The Kohn-Sham equation is similar in form to the Schrödinger equation, but for one electron, whereas the Schrödinger equation is for many electrons. The above equation is in the form of an eigen-equation, but it is solved using a special technique because the Veff depends on the electron density. This means that the process is repeated until the electron density of the input and the electron density of the output are the same. This procedure is called the Self Consistent Field (SCF) method.
In the DFT method, the above-mentioned exchange-correlation functional is the most important. The results will differ depending on what kind of functional is selected. The proposed types of exchange-correlation functional is LDA, GGA, hybrid, and van der Waals (VDW) types.
In LDA, the energy functional is determined by the electron density and is applicable to simple metals, while in GGA, the electron density and its gradient are used to describe the functional, which is the current standard. The PBE functional often used in DFT calculation belong to the GGA.
Hybrid type functional is LDA or GGA type functional plus the exchange energy of the HF method. This is commonly used in quantum chemical calculations, of which the B3LYP functional is a typical example.
The VDW functional is a functional that accounts for intermolecular forces and incorporates interactions between electrons at different positions. A similar approach is the DFT-D functional, which represents intermolecular forces in an empirical function.
Thus, there are many different types of first-principles calculations, and it is necessary to select the appropriate functional for the material or phenomenon under consideration when actually using it.
Table 1. Types of exchange-correlation functional
|Types of functional||Functional||Target and features|
Local Density Approx.
|\(E[\rho]\)||Applicable to alkali metals, etc.|
Generalized Gradient Approx.
|\(E[\rho,\nabla\rho]\)||Current standard, PBE functional is well-known.|
|Hybrid||\(E[\rho,\nabla\rho]+HFX\)||Such as B3LYP, which is often used in quantum chemical calculations.|
|VDW/DFT-D||\(E[\rho,\nabla\rho,\rho',\nabla\rho' ]\)||Considering intermolecular forces.|
SIESTA is software for DFT calculations. Its name is an acronym for the Spanish Initiative for Electronic Simulations with Thousands of Atoms. As the name SIESTA suggests, it was developed in Spain. It is used all over the world, and a representative paper on SIESTA has been cited more than 10,000 times. SIESTA was originally free for academic use, but since 2016 it is now GPL and free software for commercial use as well.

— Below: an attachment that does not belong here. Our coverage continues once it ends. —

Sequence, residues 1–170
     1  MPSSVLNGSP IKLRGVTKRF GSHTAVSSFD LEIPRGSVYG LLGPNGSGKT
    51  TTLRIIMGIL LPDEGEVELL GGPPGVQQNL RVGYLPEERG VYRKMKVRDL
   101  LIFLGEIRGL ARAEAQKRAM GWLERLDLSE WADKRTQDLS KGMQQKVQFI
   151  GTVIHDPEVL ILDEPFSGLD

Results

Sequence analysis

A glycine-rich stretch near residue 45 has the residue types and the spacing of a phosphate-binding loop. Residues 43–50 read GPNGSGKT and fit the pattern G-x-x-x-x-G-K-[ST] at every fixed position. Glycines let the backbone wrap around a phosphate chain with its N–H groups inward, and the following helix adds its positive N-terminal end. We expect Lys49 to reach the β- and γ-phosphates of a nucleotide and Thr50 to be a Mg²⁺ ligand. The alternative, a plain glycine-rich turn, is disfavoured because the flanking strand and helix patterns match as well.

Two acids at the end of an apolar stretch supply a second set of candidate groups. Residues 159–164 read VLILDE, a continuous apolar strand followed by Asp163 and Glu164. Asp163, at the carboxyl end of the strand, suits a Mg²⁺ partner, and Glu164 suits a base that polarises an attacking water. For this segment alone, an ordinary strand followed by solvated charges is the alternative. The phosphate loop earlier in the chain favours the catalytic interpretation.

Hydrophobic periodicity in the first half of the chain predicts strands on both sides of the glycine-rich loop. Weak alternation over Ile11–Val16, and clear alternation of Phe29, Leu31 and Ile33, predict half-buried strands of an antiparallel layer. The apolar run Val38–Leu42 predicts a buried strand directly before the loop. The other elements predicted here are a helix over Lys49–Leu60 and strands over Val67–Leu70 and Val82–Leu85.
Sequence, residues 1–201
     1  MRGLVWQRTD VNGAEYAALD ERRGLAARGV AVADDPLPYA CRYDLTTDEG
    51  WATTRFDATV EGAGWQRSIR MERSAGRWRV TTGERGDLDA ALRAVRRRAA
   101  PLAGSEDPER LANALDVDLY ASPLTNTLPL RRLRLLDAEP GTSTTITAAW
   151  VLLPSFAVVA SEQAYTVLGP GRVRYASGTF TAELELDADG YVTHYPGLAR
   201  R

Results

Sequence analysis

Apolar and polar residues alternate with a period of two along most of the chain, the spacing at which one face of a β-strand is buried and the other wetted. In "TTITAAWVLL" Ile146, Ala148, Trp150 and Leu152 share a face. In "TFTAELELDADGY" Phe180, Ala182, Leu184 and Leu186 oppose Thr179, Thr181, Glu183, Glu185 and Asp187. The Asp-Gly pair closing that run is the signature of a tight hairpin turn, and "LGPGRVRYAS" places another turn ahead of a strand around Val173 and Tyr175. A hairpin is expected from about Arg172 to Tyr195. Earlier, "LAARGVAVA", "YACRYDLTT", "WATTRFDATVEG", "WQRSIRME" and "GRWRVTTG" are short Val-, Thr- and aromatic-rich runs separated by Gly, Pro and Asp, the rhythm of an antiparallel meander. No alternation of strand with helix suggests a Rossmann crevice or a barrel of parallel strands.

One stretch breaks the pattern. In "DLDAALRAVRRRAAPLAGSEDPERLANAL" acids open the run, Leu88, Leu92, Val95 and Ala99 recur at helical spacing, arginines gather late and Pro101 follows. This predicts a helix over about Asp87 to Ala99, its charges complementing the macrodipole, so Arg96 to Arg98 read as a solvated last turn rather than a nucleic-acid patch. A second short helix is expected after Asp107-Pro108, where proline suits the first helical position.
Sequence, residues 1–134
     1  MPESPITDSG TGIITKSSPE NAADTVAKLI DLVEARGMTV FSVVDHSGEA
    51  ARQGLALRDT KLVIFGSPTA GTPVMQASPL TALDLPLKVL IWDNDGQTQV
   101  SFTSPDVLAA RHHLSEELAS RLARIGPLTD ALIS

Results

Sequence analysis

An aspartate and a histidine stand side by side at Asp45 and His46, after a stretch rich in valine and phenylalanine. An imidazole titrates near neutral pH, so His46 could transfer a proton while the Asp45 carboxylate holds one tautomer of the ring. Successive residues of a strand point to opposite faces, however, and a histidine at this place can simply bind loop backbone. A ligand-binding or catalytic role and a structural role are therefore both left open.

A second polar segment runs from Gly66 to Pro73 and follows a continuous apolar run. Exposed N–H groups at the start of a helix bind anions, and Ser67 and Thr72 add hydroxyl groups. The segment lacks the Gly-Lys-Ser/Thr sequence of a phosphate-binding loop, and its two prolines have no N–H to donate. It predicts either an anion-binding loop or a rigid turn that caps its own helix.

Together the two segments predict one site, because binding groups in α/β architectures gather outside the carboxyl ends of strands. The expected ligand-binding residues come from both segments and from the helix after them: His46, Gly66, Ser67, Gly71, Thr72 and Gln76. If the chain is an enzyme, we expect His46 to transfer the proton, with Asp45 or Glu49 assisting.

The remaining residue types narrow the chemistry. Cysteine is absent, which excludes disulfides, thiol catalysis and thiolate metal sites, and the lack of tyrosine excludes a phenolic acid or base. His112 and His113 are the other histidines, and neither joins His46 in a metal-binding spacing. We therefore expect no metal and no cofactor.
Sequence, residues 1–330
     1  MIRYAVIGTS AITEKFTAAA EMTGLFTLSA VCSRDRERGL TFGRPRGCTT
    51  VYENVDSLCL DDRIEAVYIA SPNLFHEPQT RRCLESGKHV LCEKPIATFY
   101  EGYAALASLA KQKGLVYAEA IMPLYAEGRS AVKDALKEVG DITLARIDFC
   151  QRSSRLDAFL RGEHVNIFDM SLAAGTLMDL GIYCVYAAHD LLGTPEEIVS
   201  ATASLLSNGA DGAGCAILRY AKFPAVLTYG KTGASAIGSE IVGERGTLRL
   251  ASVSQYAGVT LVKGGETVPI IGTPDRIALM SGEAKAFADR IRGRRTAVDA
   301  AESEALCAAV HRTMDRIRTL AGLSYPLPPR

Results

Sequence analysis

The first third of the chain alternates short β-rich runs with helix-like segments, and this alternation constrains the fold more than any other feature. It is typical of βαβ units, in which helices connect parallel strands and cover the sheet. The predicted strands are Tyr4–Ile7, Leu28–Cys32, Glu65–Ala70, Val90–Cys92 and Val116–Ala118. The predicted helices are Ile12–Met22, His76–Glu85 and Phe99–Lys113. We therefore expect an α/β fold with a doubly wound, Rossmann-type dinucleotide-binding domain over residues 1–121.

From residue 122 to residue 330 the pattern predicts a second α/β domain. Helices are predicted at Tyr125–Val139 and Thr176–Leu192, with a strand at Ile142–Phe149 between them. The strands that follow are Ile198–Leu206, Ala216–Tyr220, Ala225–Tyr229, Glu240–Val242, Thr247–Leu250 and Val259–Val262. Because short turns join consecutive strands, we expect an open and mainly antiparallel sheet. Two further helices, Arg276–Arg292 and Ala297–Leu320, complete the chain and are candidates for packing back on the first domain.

SIESTA is a registered trade-mark of SIMUNE.
SIMUNE Website >>
Fig.3. Number of citations of representative papers in SIESTA
DFT Software Classification
There are many different types of DFT software. For example, there are two perspectives on the type of software: all-electron calculations or pseudopotentials, and localized basis or plane-wave basis.
First, let's talk about pseudopotentials. A closer look at the structure of an atom shows that it is composed of a nucleus and electrons. Among the electrons, those close to the nucleus are called core electrons and those far from it are called valence electrons. In calculations using pseudopotentials, the nucleus and core electrons together are treated as the pseudopotential, rather than the entire structure being revealed. Therefore, only the valence electrons need to be taken into account in the calculation, which has the advantage of making the calculation more efficient.
Fig.4. Core electrons and valence electrons
As for the difference between atomic(local)-orbital and plane-wave basis, as shown in the figure below, atomic(local)-orbital basis considers electrons only around the atom, while a plane-wave considers many waves spread over the entire cell.
Fig.5. Atomic(local)-orbital and plane-wave basis
SIESTA and other software
SIESTA is a software that uses atomic(local)-orbital basis and pseudopotentials.
Gaussian is also based on atomic(local)-orbital basis, but its main use is for all-electron calculations on isolated molecules.
VASP and QUANTUM ESPRESSO are software that use a plane-wave basis and mainly calculate using pseudopotentials. WIEN2k is another known software that uses a plane-wave basis for all-electronic calculations. All-electron calculations are very expensive, but they are the most accurate, so they are used to compare the accuracy of DFT.
Describing the electronic state of matter by plane-waves is very concise as a theory and has been very successful in solid (crystalline) systems. On the other hand, SIESTA uses atomic(local)-orbital basis and considers the distribution of electrons only around atoms. This makes it particularly efficient for calculations involving vacuum regions, such as interfacial systems. SIESTA also implements several VDW functionals, which are advantageous in the calculation of intermolecular interactions.
In addition, the low memory consumption makes calculations involving 100 to 1000 atoms relatively easy to perform. This will be an advantage for large-scale calculations (e.g., molecular adsorption on solids and nanocomposites), which will become increasingly necessary.
This is an overview of first-principles calculations and the position of SIESTA. If you have any questions, please feel free to ask.